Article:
In the land of standing stones, the Neolithic is particularly well represented, with the presence of many megaliths dating from that period. Among the Breton departments, Morbihan has a particularly high concentration of them, especially around Vannes.
It is in Carnac that Prehistory is most in evidence, with the superb group of more than 3,000 standing stones, dolmens and menhirs, dispersed about the site in continuous rows of about 1 kilometre in length. Sights to see include the alignments of Ménec, Kerlescan and Kermario, and especially the giant of Manio, a menhir and listed Historical Monument. This is one of the highest concentrations of standing stones in the world! Carnac is also where you can visit the Museum of Prehistory, which offers a superb collection of objects from the Megalithic period.
In the Bay of Morlaix stands one of Europe's most imposing megalithic necropolises: the Cairn of Barnenez, which consists of 11 dolmens. Dubbed the "Breton Parthenon" by André Malraux, the view of the Térénez Cove and the Bay of Morlaix is superb there.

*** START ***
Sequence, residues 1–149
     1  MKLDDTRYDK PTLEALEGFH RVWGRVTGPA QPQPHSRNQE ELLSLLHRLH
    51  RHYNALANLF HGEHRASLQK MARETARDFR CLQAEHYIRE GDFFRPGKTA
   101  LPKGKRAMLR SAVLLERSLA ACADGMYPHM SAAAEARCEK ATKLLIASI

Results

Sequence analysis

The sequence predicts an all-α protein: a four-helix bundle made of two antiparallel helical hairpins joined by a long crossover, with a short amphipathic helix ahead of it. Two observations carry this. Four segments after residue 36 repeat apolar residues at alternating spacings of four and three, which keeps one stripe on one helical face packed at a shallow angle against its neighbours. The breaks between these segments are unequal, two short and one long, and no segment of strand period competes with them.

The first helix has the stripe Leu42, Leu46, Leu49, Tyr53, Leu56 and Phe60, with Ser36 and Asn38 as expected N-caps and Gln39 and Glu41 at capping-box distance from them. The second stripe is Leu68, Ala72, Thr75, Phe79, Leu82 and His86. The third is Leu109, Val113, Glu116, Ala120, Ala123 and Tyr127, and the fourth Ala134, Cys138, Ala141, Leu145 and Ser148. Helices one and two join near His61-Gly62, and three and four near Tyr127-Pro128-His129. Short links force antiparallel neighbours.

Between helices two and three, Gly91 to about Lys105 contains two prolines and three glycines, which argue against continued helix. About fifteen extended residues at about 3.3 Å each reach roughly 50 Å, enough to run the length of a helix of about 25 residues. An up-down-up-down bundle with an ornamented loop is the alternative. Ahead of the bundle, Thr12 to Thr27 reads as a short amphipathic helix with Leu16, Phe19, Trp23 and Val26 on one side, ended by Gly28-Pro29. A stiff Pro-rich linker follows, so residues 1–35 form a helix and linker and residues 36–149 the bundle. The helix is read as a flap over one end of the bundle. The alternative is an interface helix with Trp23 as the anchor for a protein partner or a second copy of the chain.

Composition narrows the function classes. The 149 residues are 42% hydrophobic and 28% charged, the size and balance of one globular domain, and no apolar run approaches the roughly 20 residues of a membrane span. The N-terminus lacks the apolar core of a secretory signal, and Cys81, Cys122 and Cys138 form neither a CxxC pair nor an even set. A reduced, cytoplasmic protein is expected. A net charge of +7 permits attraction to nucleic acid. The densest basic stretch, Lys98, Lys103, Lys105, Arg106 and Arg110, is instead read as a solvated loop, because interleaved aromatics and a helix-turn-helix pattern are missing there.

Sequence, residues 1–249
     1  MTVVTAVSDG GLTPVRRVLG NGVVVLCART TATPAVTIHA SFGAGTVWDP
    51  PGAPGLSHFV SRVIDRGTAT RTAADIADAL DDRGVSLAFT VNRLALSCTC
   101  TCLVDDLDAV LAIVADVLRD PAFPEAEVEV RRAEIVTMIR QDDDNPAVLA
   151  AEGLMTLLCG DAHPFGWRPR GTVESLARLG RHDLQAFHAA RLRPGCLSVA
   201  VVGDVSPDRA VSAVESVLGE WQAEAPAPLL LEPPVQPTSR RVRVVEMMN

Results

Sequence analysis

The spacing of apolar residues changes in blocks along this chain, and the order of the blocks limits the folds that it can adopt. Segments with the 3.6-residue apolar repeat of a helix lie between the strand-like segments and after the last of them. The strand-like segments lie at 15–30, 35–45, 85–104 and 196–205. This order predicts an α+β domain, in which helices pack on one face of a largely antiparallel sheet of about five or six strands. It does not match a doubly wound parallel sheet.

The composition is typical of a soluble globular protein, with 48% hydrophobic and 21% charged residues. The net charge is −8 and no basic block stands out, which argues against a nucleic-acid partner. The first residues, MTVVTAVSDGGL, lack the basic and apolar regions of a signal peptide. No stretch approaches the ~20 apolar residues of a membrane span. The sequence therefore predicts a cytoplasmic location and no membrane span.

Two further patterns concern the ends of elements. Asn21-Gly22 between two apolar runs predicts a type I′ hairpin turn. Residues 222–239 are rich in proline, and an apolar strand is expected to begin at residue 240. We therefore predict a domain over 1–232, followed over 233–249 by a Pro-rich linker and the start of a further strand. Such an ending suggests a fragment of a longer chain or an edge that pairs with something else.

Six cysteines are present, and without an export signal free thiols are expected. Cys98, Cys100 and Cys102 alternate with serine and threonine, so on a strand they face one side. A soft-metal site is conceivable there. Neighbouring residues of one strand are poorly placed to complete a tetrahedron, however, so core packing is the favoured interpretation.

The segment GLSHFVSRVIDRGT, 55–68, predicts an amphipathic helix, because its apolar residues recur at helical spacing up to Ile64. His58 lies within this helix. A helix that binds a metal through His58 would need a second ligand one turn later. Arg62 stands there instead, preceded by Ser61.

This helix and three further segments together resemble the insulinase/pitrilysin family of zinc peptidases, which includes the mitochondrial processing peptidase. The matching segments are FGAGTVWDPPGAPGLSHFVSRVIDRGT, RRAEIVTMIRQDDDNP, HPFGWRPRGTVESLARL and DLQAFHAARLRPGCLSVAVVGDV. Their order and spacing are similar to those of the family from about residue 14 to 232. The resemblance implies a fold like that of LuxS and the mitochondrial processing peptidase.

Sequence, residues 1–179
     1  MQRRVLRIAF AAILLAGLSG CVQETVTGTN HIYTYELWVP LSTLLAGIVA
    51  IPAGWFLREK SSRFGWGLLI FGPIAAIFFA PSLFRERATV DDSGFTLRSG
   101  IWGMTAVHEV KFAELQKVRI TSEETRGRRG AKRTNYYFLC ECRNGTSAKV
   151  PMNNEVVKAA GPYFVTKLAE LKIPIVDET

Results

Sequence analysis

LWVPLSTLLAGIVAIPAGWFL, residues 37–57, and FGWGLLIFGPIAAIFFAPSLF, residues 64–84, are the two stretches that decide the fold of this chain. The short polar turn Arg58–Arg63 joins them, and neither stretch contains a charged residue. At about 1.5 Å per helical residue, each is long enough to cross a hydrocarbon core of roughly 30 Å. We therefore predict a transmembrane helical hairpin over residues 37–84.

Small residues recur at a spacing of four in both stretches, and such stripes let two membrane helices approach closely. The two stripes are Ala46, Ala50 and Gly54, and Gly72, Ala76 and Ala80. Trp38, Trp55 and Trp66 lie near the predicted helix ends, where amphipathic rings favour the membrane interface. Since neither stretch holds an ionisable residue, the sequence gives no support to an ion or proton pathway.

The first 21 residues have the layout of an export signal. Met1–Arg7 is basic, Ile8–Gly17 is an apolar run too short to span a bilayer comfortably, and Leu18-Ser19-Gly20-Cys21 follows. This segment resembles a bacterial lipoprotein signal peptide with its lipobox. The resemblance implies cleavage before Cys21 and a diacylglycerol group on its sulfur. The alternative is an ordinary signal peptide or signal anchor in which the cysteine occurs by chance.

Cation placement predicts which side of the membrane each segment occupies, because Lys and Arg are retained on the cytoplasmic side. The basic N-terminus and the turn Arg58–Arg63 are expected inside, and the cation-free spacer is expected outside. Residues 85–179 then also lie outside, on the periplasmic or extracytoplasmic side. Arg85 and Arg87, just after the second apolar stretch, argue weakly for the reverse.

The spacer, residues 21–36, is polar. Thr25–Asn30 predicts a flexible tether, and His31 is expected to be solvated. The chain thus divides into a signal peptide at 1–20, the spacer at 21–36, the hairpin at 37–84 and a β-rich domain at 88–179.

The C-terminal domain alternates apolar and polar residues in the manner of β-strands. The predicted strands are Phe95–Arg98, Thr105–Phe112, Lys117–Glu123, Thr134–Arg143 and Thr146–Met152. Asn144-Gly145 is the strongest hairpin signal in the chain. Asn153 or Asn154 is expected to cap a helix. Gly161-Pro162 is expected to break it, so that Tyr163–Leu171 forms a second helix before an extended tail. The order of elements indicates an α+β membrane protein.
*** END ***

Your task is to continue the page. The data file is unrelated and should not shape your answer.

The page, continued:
Also worth seeing is the Cairn of Gavrinis on the island of the same name, close to Larmor-Baden port, one of the world's finest Megalithic sites: this enormous granite rock features a magnificent dolmen that forms a 14-metre gallery.
Other sites for standing stone enthusiasts to visit: the Cairn of Petit Mont, in Arzon, on the Rhuys Peninsula; the Dolmens of Mané-Bras in Erdeven; the Kornevec Alignment in the Floranges Forest; the Dolmen of Penhap on Moines Island…